Mike Ashley’s reportedly imminent departure from Newcastle United has been celebrated with unusual passion. It serves as the clearest indicator of the degree to which Ashley sucked the life out of one of England’s proudest clubs.
Sacking Kevin Keegan. Briefly renaming St. James’s Park after his company Sports Direct. Compelling Rafa Benitez to resign. Investing criminally low amounts of money into the squad. The laundry list of Newcastle fan’s gripes with Ashley is a long one, and the suspension of his tenure has unsurprisingly been perceived as the revival of one of English football’s sleeping giants. But even minor scrutiny of Ashley’s replacement, the Public Investment Fund (PIF) of Saudi Arabia, leaves one appalled by the absence of basic moral judgment in assessing Newcastle’s new ownership.
Ashley is anything but a paragon of moral virtue, his use of zero-hours contracts at Sports Direct – an exploitative labour agreement that has been found to deepen poverty and inequality – serving as the clearest illustration of that truism. Yet all evils are not made alike, and as much as many would like to think otherwise, he is certainly the lesser of the two in this instance.
A tactless retail tycoon he may be, a human rights-abusing regime who murders political dissidents (i.e. Jamal Khashoggi) and conducts indiscriminate killing of civilians (i.e. Yemen) he is not. Equating Ashley and Saudi Arabia is ludicrous, and we should not allow our annoyance with the former to obscure our perception of the latter.
Understandably, Newcastle supporters may be reluctant to change their viewpoint. An honourable and loyal fanbase have been routinely deprived not just of the success they crave, but the ambition to attain it. They will soon have owners with the resources to fulfil that ambition. Why should they condemn them?
Yet assumptions of dramatic success should be questioned. True, funding from the United Arab Emirates enabled the City Football Group to transform Manchester City into one of the biggest clubs in the world. But times have undoubtedly changed.
We live in a post-Football Leaks world, where scrutiny of funding sources and the demands of Financial Fair Play is – while not anywhere near strict enough – harsher than in 2008. FFP’s basic tenet is that teams cannot spend more than they make, and where City was – until recently – able to circumvent FFP without punishment by inflating sponsorship deals, Newcastle may not be so lucky.
If forced to find new sponsors to enable a squad overhaul, the PIF may run into trouble. Newcastle has a dedicated but nevertheless local and largely working-class fanbase. It’s what makes the Magpies such a storied club, and it also makes them wholly ill-suited to ravenous profit-seeking advertisers. The Saudis may well be able to utilize their vast clout to amass sponsors, but a summer splurge on players is not necessarily a formality.
There is also the task of actually running a successful football operation. For all the funding City have, their success could not have been achieved without sporting director Txiki Begiristain, who provides the strategic thinking that has ensured City’s billions are well-spent.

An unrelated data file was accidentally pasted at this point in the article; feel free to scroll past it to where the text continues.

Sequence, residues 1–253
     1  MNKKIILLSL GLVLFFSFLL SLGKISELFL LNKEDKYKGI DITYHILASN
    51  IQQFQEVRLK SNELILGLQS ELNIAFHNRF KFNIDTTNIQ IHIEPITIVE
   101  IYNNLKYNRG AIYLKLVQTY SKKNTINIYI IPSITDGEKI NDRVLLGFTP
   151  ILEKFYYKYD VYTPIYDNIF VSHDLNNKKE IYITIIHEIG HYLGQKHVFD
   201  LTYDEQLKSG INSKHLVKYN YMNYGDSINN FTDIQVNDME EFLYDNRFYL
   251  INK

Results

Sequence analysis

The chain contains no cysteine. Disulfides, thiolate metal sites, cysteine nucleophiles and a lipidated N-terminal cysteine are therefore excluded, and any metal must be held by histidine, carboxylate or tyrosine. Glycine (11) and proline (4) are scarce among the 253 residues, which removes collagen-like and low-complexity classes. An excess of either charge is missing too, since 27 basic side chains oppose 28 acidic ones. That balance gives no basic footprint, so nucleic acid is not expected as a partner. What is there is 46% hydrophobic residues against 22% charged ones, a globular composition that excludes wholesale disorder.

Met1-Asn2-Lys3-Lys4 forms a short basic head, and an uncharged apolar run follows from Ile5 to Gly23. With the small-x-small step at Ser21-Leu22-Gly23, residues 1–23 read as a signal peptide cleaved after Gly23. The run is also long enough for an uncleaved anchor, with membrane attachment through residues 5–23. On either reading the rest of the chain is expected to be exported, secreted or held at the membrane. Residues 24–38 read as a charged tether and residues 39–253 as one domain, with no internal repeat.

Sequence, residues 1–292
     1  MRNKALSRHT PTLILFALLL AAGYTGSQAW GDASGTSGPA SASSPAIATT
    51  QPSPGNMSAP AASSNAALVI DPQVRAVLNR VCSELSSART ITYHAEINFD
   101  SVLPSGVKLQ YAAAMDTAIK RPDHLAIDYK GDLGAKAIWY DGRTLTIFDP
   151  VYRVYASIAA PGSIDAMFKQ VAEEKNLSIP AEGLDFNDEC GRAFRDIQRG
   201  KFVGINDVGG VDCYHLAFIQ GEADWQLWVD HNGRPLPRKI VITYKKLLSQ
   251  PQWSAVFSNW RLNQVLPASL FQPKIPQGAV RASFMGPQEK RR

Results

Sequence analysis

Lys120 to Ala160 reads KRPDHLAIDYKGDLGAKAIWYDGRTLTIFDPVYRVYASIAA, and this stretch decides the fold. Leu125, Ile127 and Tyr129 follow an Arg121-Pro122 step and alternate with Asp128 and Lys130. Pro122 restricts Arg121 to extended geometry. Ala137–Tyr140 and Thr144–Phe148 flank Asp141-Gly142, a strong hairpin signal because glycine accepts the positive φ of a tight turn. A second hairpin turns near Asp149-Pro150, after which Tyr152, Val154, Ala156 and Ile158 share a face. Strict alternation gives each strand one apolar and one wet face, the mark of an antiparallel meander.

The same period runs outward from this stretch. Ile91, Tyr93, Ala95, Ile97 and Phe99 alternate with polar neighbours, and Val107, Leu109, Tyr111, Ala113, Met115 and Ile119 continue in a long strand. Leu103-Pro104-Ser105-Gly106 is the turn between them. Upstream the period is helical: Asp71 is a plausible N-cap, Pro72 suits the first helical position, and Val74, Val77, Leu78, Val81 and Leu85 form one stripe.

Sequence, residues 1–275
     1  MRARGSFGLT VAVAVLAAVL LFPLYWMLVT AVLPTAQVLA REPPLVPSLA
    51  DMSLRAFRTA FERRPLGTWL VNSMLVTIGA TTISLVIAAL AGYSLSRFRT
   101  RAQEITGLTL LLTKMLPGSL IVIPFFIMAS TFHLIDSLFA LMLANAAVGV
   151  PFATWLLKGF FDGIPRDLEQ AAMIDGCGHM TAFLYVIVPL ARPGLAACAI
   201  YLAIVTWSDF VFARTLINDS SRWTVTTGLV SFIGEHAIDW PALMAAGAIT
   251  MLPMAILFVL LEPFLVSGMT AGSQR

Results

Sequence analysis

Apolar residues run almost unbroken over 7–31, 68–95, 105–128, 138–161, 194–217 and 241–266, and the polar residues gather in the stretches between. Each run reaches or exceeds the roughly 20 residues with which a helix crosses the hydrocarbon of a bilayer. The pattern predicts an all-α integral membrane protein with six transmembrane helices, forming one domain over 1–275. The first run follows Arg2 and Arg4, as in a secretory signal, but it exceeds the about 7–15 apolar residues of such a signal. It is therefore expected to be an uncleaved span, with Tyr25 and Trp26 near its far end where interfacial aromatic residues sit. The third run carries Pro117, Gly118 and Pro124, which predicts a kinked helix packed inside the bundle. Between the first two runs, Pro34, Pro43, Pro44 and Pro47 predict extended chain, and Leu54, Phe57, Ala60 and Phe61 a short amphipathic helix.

Investing heavily in the academy, revamping training facilities, and constructing a sensible recruitment team have all been conducted under City’s new ownership. Will such changes be brought to Newcastle? Will the PIF have the foresight to institute them? It’s a complete unknown. Newcastle can’t expect to be a major player in the Premier League without intelligent planning and organization, and if the Saudi ownership overlooks it, sustainable success will be virtually impossible.
Remnants of the Ashley era may still remain under new ownership as well. Many fans bemoaned commodification and commercialization of the club under Ashley. That wouldn’t change under Saudi ownership. If anything, it’ll be worse. As Barney Ronay wrote in the Guardian, “Ashley wants to sell you a cheap nylon tracksuit. Saudi Arabia wants to sell you a soft-focus view of its oppressive regime, safe in the knowledge that a mega-spending spree will provide instant distraction, thereby treating the fanbase of a great British football club as useful idiots in the soft‑power game.”
Therein lies the primary issue of the new ownership: they are using Newcastle United and its supporters as a political pawn for their reputation laundering chess match. Where for a fan success for the club is an aim in and of itself, for the PIF, success for Newcastle is a gateway to success for the Saudi regime.
They can integrate themselves within international culture and investment by developing a benign profile that can obfuscate their perennial human rights abuses. It’s not that the football club becomes irrelevant – it’s worse. It becomes a key cog in a cunning foreign policy ploy, implicating the entire sport in the process.
Newcastle is by no means the only piece to the superpower puzzle. Manchester City, PSG, and Chelsea are just some of the clubs affiliated with problematic dictatorships to varying degrees. It’s just that the Magpies have become the latest addition, the shiny new toy in the overstuffed toy box of a corrupt, entrenched elite that is further perverting the beautiful game.
Newcastle United fans are not getting their club back, they’re being stripped of it. Their team will no longer represent a respectable working-class community, but a distant autocracy seeking to brainwash the Western public. Ashley’s departure serves as an eerie reminder of an important lesson: be careful what you wish for.